turns its sights back on Syria
By Hooman Peimani
After a few weeks of American allegations and threats levelled against Syria,
the Syrian Foreign Ministry launched its own counterattack against the United
States on Monday. Accordingly, its spokesperson raised doubts about the real
objective behind last week's killing of Saddam Hussein's sons. The Syrian move
reflected the growing hostility between Damascus and Washington despite signs
of improving relations in the months following the collapse of the Iraqi
In her interview with a Lebanese television program, Syrian Foreign Ministry
spokesperson Buthaina Shaaban suggested that the killing of Uday and Qusay
Hussein might have been planned for a certain reason. She made the suggestion
while speculating about the possibility of having the brothers apprehended.
Thus, "the United States could have captured Saddam Hussein's sons alive".
Based on that assumption, she added, "killing the pair in a US military raid in
Iraq may have aimed at covering up Washington's past political dealings with
the defunct regime".
Shaaban therefore speculated that Saddam's sons could have been knowledgeable
about secret relations between Washington and Baghdad during their honeymoon in
the 1980s. In particular, she referred to the Iraqi invasion of Iran in 1980,
which led to a devastating eight-year war. At that time, Washington encouraged
Saddam to attack Iran - an open secret, given the extent of support the Iraqi
regime received from Western, including NATO, states. As admitted by almost all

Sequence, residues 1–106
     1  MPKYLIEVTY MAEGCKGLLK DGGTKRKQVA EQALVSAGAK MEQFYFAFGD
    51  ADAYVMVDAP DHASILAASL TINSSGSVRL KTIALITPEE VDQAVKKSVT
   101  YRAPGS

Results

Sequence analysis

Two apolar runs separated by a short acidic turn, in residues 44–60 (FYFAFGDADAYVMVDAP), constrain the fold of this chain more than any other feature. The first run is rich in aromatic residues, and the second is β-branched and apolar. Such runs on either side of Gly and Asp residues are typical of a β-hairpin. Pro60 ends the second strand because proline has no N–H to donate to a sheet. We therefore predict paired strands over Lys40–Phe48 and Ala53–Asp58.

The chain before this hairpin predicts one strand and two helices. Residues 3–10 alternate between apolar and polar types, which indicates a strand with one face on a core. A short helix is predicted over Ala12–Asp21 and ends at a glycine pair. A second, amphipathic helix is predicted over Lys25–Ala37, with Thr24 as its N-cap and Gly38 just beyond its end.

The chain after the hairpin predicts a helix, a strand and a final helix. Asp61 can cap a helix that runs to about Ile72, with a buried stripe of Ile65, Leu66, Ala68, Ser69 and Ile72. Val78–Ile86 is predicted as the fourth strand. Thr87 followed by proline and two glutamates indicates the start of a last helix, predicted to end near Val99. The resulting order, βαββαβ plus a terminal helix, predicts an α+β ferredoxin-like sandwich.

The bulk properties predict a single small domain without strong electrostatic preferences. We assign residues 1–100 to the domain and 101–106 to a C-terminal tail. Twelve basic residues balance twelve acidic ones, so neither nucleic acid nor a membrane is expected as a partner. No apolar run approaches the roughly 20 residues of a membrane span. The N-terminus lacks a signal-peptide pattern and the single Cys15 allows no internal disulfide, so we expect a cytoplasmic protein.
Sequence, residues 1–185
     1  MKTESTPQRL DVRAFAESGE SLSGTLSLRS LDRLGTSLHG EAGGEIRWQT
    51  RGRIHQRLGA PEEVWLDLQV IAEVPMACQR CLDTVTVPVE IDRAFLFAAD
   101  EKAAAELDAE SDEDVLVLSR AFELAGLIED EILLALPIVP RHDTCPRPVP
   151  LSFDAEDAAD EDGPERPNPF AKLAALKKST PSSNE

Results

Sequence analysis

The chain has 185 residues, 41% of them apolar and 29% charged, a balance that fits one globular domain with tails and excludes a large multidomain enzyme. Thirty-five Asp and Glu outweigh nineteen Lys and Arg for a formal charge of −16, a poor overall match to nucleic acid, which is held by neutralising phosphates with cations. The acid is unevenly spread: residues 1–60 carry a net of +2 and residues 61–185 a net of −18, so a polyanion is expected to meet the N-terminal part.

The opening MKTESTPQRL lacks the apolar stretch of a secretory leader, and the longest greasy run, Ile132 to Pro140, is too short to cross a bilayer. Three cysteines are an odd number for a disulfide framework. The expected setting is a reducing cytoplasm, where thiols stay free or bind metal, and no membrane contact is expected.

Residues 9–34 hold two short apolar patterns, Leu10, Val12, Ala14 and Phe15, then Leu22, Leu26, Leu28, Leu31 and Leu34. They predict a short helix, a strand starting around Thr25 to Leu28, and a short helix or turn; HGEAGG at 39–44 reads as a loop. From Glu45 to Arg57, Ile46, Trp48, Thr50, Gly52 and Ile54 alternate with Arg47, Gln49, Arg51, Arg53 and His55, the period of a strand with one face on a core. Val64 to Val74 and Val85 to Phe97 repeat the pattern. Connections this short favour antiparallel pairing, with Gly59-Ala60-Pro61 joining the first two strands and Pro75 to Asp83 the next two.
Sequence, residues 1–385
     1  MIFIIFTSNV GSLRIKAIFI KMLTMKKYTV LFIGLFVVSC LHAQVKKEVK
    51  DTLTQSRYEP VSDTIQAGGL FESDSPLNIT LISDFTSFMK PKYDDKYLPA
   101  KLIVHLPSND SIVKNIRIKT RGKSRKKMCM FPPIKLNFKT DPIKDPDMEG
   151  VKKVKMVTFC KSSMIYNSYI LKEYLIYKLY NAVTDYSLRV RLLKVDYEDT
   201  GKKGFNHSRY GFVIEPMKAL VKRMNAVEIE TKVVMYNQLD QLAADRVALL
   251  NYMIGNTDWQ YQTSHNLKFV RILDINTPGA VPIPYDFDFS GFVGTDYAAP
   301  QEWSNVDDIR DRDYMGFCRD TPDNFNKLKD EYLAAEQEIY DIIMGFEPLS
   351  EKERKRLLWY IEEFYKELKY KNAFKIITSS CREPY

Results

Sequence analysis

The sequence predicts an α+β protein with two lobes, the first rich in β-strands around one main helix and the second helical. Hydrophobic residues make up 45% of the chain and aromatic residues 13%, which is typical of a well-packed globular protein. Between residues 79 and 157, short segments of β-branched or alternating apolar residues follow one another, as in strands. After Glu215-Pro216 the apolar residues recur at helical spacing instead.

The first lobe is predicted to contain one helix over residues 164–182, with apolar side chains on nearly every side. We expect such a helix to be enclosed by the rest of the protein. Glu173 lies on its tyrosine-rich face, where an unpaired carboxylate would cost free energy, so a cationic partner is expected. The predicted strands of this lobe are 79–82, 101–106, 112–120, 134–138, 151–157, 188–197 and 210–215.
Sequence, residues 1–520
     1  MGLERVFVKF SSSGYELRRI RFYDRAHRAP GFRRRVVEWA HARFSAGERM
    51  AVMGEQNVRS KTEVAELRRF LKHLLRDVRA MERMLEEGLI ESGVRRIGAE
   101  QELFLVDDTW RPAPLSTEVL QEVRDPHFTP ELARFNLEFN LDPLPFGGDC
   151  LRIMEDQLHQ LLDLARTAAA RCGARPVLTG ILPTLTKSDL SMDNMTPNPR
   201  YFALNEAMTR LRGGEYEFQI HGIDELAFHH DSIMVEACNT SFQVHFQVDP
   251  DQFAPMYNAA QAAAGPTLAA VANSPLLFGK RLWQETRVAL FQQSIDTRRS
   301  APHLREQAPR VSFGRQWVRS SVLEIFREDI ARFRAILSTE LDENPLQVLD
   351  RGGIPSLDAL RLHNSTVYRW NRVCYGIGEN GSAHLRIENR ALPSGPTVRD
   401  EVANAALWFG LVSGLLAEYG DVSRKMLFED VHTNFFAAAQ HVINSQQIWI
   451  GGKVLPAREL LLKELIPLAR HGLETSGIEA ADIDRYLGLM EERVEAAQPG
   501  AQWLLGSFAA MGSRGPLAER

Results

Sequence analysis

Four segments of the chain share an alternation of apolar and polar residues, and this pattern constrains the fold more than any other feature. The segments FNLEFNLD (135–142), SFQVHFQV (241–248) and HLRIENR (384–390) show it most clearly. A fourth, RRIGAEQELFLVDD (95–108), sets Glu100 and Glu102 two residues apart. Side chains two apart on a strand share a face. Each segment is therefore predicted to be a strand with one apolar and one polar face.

of them in one form or another, they assisted the Iraqi war efforts by
providing advanced weapons and by helping the Iraqis with their weapon
development projects. A well-known example is the American, British and German
involvement in their weapons-of-mass-destruction projects, especially the
development of chemical weapons.
Syrian-US relations took a hostile direction right after the Anglo-American
occupation of Iraq. At that time, the US accused the Syrians of providing to
the Saddam regime military equipment (night vision goggles) and of providing a
safe haven for senior Iraqi officials. The US then toned down it's anti-Syria
statements as it heated up the war of words against Iran, which became the
focus of the same types of accusations as Washington made against the Iraqi
regime prior to the war. Increased diplomatic contacts between the US and Syria
suggested an effort to de-escalate their hostility. US Secretary of State Colin
Powel's June visit to Damascus created grounds for optimism about the end of a
dangerous situation which seemed to have the potential to develop into a US
attack on Syria as part of a plan for reshaping the entire Middle East.
There was a clear shift in Washington's propaganda campaign as Iran became its
main target. Added to the two-decade-old allegations about Tehran's nuclear
weapon program, the Iranian government was accused of harboring al-Qadea
operatives and even of indirectly masterminding a terrorist attack in Saudi